South African National Health Insurance Scheme Getting Closer to Implementation

April 15th, 2011
South African National Health Insurance Scheme Getting Closer to Implementation

South African Government Finance Minister Pravin Gordhan has provided 8 billion Rand to help develop the country’s National Insurance scheme, as part of the nation’s drive towards health reforms.

The money is part of a total amount of R113 billion which will cover a range of things including family health care teams, and improvements to maternal and child health care. Also announced in the new bill is an Office of Standards Compliance which is being given teeth to inspect and certify hospitals.

The Government also intends improving medical infrastructure in South Africa as well as expanding and improving medical practitioner training.

Speaking with reporters, Sandile Hlope, the director of health at accountants KPMG said: “The announcement of funding for the development of family health-care teams and allocation for the improvement of district-based maternal and child health services are significant. The minister is clearly signalling the introduction of step down facilities in an integrated NHI.”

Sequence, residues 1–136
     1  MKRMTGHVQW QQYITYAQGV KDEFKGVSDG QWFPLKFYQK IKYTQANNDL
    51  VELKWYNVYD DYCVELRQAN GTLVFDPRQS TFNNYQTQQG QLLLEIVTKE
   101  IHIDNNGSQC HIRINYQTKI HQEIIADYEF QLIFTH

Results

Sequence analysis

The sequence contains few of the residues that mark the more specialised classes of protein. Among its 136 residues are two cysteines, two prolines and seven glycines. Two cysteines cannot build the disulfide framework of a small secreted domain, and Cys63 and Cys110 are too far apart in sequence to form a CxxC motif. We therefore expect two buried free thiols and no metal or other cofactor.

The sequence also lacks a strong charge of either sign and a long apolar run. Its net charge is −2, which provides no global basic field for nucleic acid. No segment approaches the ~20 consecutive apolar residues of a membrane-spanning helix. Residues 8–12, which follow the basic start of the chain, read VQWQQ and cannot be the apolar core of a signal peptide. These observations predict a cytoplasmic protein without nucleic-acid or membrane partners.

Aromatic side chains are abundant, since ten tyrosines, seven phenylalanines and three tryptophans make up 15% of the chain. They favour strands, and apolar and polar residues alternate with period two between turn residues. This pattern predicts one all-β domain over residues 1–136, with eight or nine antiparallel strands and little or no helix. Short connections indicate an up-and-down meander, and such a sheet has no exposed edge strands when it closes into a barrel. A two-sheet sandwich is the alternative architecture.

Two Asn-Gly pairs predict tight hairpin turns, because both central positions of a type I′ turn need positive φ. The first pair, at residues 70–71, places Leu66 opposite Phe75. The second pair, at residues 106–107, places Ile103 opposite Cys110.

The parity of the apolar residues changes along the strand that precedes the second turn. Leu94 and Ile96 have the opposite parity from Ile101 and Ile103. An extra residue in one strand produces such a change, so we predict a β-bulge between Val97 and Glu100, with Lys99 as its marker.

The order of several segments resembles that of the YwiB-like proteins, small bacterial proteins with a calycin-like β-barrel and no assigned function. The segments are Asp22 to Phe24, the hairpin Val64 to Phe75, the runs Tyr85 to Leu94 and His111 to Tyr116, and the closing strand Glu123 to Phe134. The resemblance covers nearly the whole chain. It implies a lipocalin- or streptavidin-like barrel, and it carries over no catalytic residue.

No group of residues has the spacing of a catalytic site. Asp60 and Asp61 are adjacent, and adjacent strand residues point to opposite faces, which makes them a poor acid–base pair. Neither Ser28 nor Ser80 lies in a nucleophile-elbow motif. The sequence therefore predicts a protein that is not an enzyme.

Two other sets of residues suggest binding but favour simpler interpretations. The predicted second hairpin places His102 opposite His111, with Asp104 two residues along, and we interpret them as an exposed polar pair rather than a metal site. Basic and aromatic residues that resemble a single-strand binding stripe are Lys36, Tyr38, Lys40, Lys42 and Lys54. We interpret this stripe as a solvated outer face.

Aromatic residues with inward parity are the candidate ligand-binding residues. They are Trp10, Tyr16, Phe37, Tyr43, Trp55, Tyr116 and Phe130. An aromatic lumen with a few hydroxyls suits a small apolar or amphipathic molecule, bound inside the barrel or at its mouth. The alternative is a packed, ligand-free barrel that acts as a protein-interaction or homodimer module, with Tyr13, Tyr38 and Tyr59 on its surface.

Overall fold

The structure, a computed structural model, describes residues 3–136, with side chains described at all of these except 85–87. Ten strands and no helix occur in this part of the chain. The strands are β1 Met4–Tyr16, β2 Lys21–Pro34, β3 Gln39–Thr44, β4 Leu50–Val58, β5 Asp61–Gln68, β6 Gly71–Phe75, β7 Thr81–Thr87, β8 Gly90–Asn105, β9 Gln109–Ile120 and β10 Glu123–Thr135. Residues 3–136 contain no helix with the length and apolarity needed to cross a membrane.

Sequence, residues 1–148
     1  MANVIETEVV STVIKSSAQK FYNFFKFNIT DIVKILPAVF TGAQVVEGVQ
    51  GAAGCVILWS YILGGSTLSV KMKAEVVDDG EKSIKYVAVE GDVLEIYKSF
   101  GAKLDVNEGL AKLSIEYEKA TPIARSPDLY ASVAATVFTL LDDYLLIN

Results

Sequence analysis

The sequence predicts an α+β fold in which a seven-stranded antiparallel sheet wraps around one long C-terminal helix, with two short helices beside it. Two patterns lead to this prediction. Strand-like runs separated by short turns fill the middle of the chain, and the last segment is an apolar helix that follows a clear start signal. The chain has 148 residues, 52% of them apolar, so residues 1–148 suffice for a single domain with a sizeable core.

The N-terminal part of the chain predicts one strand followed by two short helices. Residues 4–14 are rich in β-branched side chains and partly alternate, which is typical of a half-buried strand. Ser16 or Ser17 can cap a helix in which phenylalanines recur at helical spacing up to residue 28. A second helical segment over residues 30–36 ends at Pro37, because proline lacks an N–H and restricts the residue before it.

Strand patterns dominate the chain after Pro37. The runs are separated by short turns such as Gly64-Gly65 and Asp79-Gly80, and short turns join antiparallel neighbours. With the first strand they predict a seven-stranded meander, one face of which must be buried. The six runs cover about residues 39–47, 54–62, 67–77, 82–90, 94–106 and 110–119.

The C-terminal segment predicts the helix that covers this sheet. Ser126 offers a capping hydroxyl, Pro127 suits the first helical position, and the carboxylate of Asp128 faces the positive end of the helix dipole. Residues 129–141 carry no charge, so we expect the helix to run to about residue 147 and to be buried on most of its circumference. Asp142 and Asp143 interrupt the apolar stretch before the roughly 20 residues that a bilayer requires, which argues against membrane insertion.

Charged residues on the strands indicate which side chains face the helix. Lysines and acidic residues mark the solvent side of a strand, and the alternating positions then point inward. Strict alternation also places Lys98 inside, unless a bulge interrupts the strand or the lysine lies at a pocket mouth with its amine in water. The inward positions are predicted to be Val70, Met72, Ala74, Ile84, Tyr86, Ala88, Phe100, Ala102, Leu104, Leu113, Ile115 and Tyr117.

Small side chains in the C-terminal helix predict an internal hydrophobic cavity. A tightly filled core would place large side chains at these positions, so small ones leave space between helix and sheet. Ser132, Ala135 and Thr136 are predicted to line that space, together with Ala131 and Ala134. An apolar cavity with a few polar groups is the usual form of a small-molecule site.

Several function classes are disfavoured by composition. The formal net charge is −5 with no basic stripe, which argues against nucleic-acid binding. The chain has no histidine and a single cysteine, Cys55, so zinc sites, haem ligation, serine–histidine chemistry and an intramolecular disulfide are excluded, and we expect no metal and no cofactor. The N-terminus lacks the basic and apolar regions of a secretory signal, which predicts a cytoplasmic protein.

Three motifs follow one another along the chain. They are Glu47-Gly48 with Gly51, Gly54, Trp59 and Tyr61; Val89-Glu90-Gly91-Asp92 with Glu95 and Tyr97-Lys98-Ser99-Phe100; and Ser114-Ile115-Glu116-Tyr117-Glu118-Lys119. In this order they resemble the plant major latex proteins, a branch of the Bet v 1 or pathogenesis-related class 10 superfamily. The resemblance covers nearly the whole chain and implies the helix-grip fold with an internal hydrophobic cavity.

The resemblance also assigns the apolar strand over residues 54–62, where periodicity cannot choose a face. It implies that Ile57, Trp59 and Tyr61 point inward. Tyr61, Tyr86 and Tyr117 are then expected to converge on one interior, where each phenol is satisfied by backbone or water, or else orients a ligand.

Also welcoming the news was Heidi Kruger, who is the spokeswoman for the Board of Healthcare Funders. She said: “We feel that this may allow medical schemes to increasingly use these facilities for their membership and this will begin to address the costs associated with private hospitals. It could also mean competition for private hospitals.”

Some in South Africa are concerned about tax implications in the country. The finance minister is working with the Department of Health, and has warned that there will be cost implications. But a health economist, Alex van den Heever commented: “It is premature to start talking about tax increases on individuals in the current population. The public health spend in South Africa is consistent with international norms; it is exactly where it should be. What exactly is the additional tax for? This is not the highest priority.”

 

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